I’ve just finished speaking at a test conference (link to softwaretest) in Copenhagen, Denmark and came away with some incredible learnings and not all test related.
First, I found out I still can’t understand a word of Danish, but that didn’t really matter because everyone spoke English to me (I envy people with fluent second languages). However, over the course of two days, I realized that most, if not all the participants spoke Danish when they were not speaking directly to me. Rightly so, since it is the language they are most comfortable with.
During my workshop, I had the participants break in to groups for discussion. All but one (who had an English only person at their table), promptly started talking in Danish. I found I was a bit lost as I am used to listening and guiding the discussions if needed. I had absolutely no idea of what was being discussed, and had to hope if the groups got stuck, they would ask for help. I didn’t need to worry, as they did fine, and when the groups presented their findings, they all did it in English.
The next day, I had an interesting conversation with Thomas, one of the local conference participants. We started talking about my language issues, and he related some of his experiences working with teams from other countries. One example he shared, was when they had meetings with teams from Finland or India, both teams switched to English for the meeting as it is the common language. This means both teams are speaking in their second language.
Thomas, who speaks excellent English, believes he cannot express about 15% of his ideas in English. If he is like me, he probably understands more than he can express, but still misses some words. However, if he is listening to someone who has trouble expressing his (or her) ideas as well, is the message really being understood? I assume this is typical for most people, so I have to wonder how much information is being lost in translation when both teams are speaking in their second language.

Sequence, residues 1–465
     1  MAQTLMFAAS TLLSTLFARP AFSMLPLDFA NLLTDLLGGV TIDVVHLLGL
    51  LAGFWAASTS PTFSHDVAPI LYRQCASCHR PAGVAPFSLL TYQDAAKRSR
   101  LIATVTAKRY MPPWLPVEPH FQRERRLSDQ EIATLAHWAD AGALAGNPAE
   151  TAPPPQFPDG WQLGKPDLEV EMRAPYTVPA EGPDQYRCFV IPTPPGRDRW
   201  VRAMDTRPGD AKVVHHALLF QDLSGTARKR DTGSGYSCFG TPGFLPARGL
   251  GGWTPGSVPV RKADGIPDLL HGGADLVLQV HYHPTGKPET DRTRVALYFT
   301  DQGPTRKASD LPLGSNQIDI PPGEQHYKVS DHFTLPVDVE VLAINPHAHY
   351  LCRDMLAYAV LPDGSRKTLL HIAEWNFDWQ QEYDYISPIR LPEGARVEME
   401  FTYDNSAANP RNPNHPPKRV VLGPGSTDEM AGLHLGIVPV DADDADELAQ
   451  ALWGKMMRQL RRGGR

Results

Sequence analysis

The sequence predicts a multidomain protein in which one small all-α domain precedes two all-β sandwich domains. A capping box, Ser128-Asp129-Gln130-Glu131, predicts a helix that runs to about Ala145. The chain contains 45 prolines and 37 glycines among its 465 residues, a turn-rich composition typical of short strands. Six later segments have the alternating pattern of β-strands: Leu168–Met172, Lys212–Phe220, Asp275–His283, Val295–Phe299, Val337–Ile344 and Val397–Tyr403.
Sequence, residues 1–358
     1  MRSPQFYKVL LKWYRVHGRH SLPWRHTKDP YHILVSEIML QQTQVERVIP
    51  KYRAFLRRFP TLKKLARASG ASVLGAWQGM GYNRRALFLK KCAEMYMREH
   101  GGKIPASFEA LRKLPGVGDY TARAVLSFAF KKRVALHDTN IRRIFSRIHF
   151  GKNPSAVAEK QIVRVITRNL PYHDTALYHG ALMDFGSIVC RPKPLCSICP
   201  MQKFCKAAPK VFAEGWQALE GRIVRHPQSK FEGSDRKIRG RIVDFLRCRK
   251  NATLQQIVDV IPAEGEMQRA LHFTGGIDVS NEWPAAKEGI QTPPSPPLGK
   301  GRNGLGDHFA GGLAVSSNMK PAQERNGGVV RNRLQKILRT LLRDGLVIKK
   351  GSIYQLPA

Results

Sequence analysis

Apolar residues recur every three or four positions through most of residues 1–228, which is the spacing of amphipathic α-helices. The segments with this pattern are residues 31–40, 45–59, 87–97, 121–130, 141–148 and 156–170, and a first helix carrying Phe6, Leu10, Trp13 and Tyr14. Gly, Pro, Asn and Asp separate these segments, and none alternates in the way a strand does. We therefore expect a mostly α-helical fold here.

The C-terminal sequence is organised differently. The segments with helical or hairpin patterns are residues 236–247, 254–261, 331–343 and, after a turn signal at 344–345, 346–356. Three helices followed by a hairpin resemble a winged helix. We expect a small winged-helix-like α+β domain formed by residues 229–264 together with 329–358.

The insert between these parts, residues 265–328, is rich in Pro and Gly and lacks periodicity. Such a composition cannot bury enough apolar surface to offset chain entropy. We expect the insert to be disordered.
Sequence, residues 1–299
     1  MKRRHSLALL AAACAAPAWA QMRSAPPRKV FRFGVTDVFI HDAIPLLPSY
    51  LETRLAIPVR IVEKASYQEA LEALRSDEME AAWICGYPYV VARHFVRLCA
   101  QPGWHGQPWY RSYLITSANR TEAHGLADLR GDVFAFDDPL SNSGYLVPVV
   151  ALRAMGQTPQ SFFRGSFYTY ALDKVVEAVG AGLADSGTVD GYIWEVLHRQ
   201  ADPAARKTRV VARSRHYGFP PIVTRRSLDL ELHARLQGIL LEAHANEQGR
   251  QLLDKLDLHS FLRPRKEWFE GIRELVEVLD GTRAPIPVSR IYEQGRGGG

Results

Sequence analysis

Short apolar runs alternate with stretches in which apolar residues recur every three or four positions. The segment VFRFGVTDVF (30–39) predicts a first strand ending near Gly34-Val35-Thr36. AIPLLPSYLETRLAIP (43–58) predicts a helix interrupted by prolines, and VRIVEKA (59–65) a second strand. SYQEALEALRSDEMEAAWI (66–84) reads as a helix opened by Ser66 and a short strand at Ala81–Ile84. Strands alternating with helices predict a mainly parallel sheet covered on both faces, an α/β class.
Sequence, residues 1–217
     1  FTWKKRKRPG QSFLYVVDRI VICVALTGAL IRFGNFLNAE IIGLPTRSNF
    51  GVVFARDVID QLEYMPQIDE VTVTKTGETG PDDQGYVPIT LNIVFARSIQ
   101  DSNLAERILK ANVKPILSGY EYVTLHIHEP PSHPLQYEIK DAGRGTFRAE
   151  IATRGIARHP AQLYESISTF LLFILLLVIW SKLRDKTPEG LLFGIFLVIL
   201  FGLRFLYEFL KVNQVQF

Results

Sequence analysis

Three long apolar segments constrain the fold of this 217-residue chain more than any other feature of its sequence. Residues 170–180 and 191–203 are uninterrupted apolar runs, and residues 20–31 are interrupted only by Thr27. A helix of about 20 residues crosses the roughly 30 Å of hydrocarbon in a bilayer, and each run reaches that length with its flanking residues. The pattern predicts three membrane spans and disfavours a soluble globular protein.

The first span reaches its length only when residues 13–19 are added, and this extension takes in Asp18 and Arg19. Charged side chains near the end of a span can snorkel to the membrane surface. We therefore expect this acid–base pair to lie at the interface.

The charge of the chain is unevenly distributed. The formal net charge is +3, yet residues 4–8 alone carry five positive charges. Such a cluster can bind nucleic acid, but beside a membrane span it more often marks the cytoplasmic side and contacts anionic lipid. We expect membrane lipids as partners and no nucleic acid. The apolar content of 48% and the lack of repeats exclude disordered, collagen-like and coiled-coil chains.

Then there is the other case where one team speaks English as their native tongue. Thomas explained that that sometimes the Danish team felt they couldn’t express themselves well enough to compete or argue against an idea brought up by one of the strong members of the American team. This might be partly a cultural issue, as well as a language barrier.
As a facilitator, I watch for team members who are quiet and not normally expressive. I try to find ways to make them feel comfortable enough to express their ideas safely. As members of global teams, I think we need to be aware of team members who may be at a disadvantage because of language. Something to consider might be engaging a facilitator for every meeting that involves two teams that may have communication or cultural barriers to overcome.
Another partial solution to the language problem may be to use more concrete examples to take away any misinterpretation. Technology enables teams to collaborate in many ways so we should take advantage of that.
Communication is a problem with any teams and when we add language issues, it adds even more complexity. I for one will be much more aware of what I say, and how I say it when I am speaking with teams whose native tongue is not the same as mine.